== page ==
April 6, 2018
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Edward J. Sullivan
Exh. cat. New Haven: Yale University Press, 2014. 208 pp.; 81 color ills.; 18 b/w ills. Cloth $60.00 (9780300203202)
Blanton Museum of Art, Austin, June 14‒September 6, 2015. Brooklyn Museum, New York, October 2, 2015‒January 3, 2016. Museo de Arte de Puerto Rico, San Juan, January 29‒April 24, 2016
Edward Sullivan’s book-length disquisition on Francisco Oller is an engaging narrative that traverses a wide historical range, from the personal to the national to the transnational and to artworks and their histories. Oller, whom Sullivan describes as the most prominent Caribbean artist of the nineteenth century, lived and painted during a period of intense social and political transformation. Born in 1833 in Puerto Rico to a father who had migrated there from Spain, Oller... Full Review
April 6, 2018
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Eli and Edythe Broad Art Museum at Michigan State University
East Lansing: Eli and Edythe Broad Art Museum at Michigan State University, 2017.
Eli and Edythe Broad Art Museum at MSU, April 29–October 22, 2017
The Transported Man, curated by Marc-Olivier Wahler, director of the Eli and Edythe Broad Art Museum, posited metaphorically that art is magic. He did not mean that art is supernatural but that the process of making art—as the transfiguration of the common place—is like an act of stage magic. Through its analogy with magic, the show placed a curious spin on such established art-historical notions as illusionism, dematerialization, the ready-made, art as process, and art as... Full Review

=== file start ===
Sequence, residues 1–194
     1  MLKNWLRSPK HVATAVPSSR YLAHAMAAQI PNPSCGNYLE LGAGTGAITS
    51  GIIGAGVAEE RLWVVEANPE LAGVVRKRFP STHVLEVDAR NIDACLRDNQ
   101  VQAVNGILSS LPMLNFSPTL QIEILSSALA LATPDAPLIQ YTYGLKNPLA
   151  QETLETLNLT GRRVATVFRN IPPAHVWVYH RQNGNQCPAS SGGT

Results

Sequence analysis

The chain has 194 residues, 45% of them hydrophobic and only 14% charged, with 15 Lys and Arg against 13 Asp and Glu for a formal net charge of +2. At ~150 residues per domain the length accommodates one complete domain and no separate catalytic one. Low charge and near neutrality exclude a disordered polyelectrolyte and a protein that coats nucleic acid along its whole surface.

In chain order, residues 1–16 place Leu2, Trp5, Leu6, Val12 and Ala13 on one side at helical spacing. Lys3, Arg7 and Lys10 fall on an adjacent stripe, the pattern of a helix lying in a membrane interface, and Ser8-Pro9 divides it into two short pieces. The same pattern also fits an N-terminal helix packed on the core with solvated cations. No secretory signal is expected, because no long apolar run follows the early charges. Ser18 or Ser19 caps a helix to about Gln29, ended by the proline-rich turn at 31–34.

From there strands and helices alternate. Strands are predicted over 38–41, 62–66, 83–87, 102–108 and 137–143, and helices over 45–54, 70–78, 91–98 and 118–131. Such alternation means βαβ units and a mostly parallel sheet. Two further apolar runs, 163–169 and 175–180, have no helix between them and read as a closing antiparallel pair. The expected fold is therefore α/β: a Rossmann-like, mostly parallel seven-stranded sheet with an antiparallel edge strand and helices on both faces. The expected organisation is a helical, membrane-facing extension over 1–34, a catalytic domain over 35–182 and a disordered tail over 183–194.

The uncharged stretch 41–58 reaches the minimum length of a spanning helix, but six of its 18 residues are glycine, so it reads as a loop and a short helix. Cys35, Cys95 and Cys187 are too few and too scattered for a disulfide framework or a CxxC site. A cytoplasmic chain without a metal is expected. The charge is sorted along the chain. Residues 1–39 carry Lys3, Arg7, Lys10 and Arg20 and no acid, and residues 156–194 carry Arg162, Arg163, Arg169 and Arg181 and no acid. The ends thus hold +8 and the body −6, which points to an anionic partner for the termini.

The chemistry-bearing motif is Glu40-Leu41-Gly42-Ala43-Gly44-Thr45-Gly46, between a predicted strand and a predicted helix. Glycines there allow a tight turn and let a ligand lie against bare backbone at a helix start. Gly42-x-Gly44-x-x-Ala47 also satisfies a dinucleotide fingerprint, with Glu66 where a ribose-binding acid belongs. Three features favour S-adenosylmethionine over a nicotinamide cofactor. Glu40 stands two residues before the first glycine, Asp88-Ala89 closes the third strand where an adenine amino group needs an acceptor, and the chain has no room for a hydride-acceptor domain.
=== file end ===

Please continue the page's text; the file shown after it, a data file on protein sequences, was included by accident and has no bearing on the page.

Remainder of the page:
April 5, 2018
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Montclair Art Museum
Montclair, NJ: Montclair Art Museum, 2017.
Montclair Art Museum, New Jersey, February 5–June 18, 2017
An exhibition devoted to tracing an artist’s cross-cultural influence often bears the risk of trying to do too much. Featuring sixty-five works, Matisse and American Art at the Montclair Art Museum juxtaposed nineteen paintings and works on paper by Matisse with a vast selection of objects by thirty-four American artists. With works by artists as diverse as Arthur Dove, Andy Warhol, and Faith Ringgold, exhibition organizers aimed to explore the French master’s impact on American... Full Review
April 5, 2018
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Kellie Jones
Durham: Duke University Press, 2017. 416 pp.; 32 color ills.; 93 ills. Paperback $29.95 (9780822361640)
Kellie Jones’s South of Pico: African American Artists in Los Angeles in the 1960s and 1970s illuminates a blind spot in existing histories of contemporary art in Los Angeles. Those who know Los Angeles know that the area “south of Pico”—dominated by the north-south arteries of Central and Crenshaw avenues, which connect the neighborhoods of Watts, Compton, Leimert Park, and Baldwin Hills—has historically been the center of black life in the city. As Jones writes,... Full Review
April 5, 2018
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Simon Kelly and Esther Bell
Exh. cat. New York: Prestel, 2017. 296 pp.; 197 color ills.; 45 b/w ills. Hardcover $75.00 (9783791356211)
Saint Louis Art Museum, February 12–May 7, 2017; Fine Arts Museums of San Francisco, Legion of Honor, June 24–September 24, 2017
Given that in recent decades many scholars have called for attention to the diverse traditions and overlooked contributions of a global art history, it is fair to ask, do we need another major exhibition devoted to Impressionism? There have been French Impressionist studies penned by a coterie of distinguished scholars across the globe that should satisfy most any methodological perspective or preference for a certain theme or stylistic practice. Recent shows have explored subthemes... Full Review
April 4, 2018